In 1969, when the last container of radioactive waste from the Rocky Flats bomb factory in Colorado was buried at the Idaho National Engineering Laboratory, no one really knew what was stored underground in the one-acre landfill.
Federal officials knew generally what
filled the unlined pit, created by excavating 20 feet down to a
solid layer of basalt lava and then covering the rock with a layer
of soil. For decades nuclear bomb makers had been shipping a
mixture of transuranic waste and toxic sludges. The radioactive
debris arrived in almost 4,000 55-gallon drums, 2,452 cardboard
boxes, and 72 containers of unknown debris. On top of all this, Pit
9 managers placed another layer of soil.
sat, some 550 feet above the eastern Snake River Plain aquifer,
until the Department of Energy contracted with a private company to
clean up Pit 9.
Now, the investigative arm of
Congress, the General Accounting Office, has dubbed this first
attempt at privatizing nuclear cleanup efforts a failure.
The GAO's stinging review of failed deadlines
and cost overruns caused a House subcommittee to hold oversight
hearings this summer. Congressional representatives were not
pleased that the Pit 9 project had fallen more than two years
behind schedule, no cleanup had begun, and the subcontractor
charged with doing the work, Lockheed Martin Advanced Environmental
Systems, wants taxpayers to double its contract fee to $457
million. It had originally agreed to a fixed-price
The U.S. Department of Energy,
meanwhile, has been fined $940,000 by the state of Idaho and the
Environmental Protection Agency for failing to ensure that its
contractors and subcontractors stayed on schedule. The DOE could
face additional fines of $10,000 a week if it fails to deliver a
new cleanup plan design and schedule by Sept.
The botched cleanup project has important
implications, the GAO report said, because the DOE has requested $1
billion for privately run waste cleanup projects in fiscal 1998.
The Pit 9 project was supposed to be a model for future cleanup of
buried nuclear waste at other DOE labs in the United
"We hate saying we're frustrated, but we
haven't come up with a better word," said Kathleen Trevor, director
of the state's engineering lab oversight office in Idaho
"We expect the DOE to deliver on the
commitment it made to the state. We're not going to be satisfied
with a bunch of back-of-the-envelope estimates for a new schedule."
Complicating matters are the multiple layers of
management involved with the project. Lockheed Martin Idaho
Technologies Co., the general contractor, is supervising its sister
company and subcontractor, Lockheed Martin Advanced Environmental
Systems. The DOE has oversight responsibility over them
All three parties have pledged to meet the
Sept. 30 deadline and attempt to move the cleanup project forward.
But behind the scenes, Lockheed Martin AES, the subconstractor, has
indicated that it won't charge ahead in earnest until it knows how
much Lockheed Martin ITC, the contractor, will pay for cost
Subcontractor officials blame the DOE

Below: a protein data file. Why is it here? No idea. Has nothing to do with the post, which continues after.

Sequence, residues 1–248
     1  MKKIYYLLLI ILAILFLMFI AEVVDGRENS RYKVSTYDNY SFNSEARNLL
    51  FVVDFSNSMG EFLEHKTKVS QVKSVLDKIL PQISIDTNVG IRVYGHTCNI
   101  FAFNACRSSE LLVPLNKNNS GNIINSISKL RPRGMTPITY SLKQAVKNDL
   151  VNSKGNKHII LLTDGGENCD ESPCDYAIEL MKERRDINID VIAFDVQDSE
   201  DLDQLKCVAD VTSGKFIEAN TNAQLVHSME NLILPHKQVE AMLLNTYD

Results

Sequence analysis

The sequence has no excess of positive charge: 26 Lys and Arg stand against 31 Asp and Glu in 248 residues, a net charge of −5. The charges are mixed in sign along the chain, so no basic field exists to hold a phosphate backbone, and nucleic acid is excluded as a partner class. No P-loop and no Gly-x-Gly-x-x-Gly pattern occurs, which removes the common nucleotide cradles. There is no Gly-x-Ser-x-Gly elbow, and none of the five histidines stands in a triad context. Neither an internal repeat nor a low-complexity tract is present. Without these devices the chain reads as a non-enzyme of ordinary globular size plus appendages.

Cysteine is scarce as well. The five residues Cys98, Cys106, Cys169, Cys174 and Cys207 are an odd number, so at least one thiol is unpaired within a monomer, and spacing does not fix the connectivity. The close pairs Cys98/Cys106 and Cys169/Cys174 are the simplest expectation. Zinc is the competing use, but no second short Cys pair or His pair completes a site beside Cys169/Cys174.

and the contractor for "excessive interference," the GAO report
said, for nit-picking engineering and cleanup design reports,
filing some 7,000 comments about the details of the project, and
changing the contents of Pit 9 in
Clair Fitch, program manager of the
Pit 9 cleanup for Lockheed Martin ITC, said the safety-related
comments were made in hopes of keeping the project on track and
"I am positive, if we hadn't
made our concerns known, that project wouldn't have started up in
my lifetime," Fitch said.
As for allegations that
the contractor changed the contents of Pit 9, Fitch and the state's
representative, Kathleen Trevor, said the contents were never
changed significantly in a quantitative sense. Lockheed Martin AES
officials claim the pit contents were changed substantially enough
to expand the scope and complexity of the project.
In simplified terms, cleanup of the pit is
proposed to be accomplished with "remote" technologies. That means
using robots and a mobile 37,500-square-foot retrieval building,
mounted on skids, for sorting waste and delivering it to a nearby
84,600-square-foot treatment building. Waste that exceeds 10
nanocuries of radiation per gram would be treated, and the
remainder would be returned to the pit.
melter would treat the most radioactive waste by spinning contents
at extremely hot temperatures - several thousand degrees centigrade
- turning them into a glass-like substance, and placing them back
into sealed containers for eventual disposal at an approved nuclear
Cleanup methods have been developed to
handle the mixed types of waste in Pit 9, Fitch said, but never at
the scale required for the pit.
treatment technology for Pit 9 represented an experiment, the
subcontractor approached the DOE with the fixed-cost concept. Says
Trevor, "They said we have this great proven technology. Let us
clean up your site."
She said she hopes Lockheed
Martin Corp. will use its vast resources to ensure that its sister
companies can work out their differences to move
The Snake River Alliance, a veteran
anti-nuclear watchdog nonprofit group, believes the DOE should not
have agreed to a private, fixed-cost cleanup of Pit 9. Given the
project's unprecedented nature, alliance officials believe a public
agency should oversee the cleanup to ensure it is done
"I think all of the parties share some
of the blame," said Beatrice Brailsford, a Pocatello alliance
activist. "This is a case of government naiveté meets
corporate greed. What we're left with, potentially, is a job that
doesn't get done."
writes in Boise, Idaho.
* Receive a copy of the GAO's Pit 9
report (GAO report RECD-97-180) by calling Ned Griffith at the
Office of Public Affairs, 202/512-5073, or by writing to: GAO, Room
7149, 441 G St. NW, Washington, DC